- Include a new modifier for services furnished using audio-only communications, which would serve to certify that the practitioner had the capability to provide two-way audio/video communication but the beneficiary was not capable of using or did not consent to use of that technology.
- Include a new modifier for services furnished through audio-only technology due to beneficiary choice or limitations.
- Allow Rural Health Clinics (RHCs) and Federally Qualified Health Centers (FQHCs) to report and receive payment for mental health visits furnished via real-time telecommunication technology in the same way they do now when visits take place in-person, including audio-only visits when the beneficiary is not capable of or does not consent to the use of video technology.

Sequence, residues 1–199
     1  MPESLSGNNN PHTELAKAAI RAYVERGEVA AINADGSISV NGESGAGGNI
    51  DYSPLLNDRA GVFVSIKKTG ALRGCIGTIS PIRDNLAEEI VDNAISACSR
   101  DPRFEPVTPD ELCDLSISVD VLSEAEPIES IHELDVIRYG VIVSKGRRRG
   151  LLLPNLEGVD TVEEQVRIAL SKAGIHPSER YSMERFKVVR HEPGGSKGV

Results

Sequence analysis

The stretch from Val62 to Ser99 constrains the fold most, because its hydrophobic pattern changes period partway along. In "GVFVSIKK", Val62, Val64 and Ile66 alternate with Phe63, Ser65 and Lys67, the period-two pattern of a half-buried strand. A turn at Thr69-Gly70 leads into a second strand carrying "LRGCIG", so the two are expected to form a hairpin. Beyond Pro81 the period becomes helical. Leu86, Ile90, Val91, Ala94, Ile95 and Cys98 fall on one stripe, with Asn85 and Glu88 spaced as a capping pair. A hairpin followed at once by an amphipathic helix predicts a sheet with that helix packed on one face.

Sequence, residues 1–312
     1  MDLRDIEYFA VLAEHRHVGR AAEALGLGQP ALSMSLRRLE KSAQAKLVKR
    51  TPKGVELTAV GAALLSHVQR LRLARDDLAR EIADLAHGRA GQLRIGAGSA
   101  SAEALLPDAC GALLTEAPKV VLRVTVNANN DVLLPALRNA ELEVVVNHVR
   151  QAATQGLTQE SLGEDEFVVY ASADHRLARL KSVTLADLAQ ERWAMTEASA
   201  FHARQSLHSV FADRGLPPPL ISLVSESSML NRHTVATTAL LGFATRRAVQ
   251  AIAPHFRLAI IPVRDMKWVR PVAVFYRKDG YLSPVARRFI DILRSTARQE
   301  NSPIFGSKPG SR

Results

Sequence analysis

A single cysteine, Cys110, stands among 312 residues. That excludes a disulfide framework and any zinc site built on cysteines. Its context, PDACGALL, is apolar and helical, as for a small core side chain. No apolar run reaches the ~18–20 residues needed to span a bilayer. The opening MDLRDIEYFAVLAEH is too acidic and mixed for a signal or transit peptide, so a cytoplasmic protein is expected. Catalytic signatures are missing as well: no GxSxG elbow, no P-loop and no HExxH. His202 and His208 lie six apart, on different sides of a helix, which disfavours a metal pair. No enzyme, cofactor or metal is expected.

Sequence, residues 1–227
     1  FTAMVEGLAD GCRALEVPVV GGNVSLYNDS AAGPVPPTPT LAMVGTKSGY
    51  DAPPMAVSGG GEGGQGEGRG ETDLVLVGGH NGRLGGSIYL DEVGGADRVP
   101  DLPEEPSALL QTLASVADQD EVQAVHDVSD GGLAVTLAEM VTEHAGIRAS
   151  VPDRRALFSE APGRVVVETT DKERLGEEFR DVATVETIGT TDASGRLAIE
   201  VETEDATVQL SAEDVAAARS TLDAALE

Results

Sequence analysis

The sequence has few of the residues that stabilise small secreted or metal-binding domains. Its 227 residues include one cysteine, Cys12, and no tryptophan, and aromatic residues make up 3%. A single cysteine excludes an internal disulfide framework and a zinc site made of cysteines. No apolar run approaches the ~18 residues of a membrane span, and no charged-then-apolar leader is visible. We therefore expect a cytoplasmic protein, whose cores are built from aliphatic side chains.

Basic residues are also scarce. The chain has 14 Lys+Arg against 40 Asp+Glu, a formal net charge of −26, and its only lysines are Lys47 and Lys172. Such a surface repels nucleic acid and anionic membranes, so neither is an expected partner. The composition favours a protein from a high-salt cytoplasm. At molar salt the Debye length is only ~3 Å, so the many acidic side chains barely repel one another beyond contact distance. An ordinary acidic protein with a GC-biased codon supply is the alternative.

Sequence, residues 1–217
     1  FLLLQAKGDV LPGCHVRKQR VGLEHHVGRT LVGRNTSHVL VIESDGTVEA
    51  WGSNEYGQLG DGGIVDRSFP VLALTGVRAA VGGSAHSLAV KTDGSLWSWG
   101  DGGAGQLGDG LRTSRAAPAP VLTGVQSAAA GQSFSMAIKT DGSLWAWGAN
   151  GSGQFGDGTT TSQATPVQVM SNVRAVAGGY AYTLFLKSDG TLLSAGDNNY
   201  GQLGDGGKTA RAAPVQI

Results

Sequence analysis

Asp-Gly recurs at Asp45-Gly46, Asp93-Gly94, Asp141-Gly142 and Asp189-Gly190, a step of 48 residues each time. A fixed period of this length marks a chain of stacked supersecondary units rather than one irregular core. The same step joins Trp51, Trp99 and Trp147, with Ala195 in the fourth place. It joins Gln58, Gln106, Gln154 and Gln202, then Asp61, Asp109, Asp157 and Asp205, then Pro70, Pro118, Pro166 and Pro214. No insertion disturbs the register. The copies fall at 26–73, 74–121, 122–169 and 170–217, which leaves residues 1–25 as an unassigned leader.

CMS seeks comments specifically on the following:
- How to address scenarios where a physician or practitioner of the same specialty/subspecialty in the same group may need to furnish a mental health service due to unavailability of the beneficiary’s regular practitioner.
- Whether to require additional documentation in the patient’s medical record to support the clinical appropriateness of audio-only telehealth.
- Whether CMS should or should not preclude audio-only telehealth for some high-level services, such as level 4 or 5 E/M visit codes or psychotherapy with crisis.
- Whether CMS should consider putting in place any additional guardrails to address program integrity and patient safety concerns.
Proposed Changes to Medicare Diabetes Prevention Program (MDPP): The proposed rule would make changes to the MDPP to increase supplier enrollment and increase beneficiary participation and access to services that can help them develop and maintain healthy behaviors to prevent the onset of type 2 diabetes.
CMS proposes to do the following:
- Utilize CMS Innovation Center’s waiver authority to waive the provider enrollment Medicare application fee on or after Jan. 1, 2022, and beyond the PHE. This is consistent with changes CMS made during the PHE.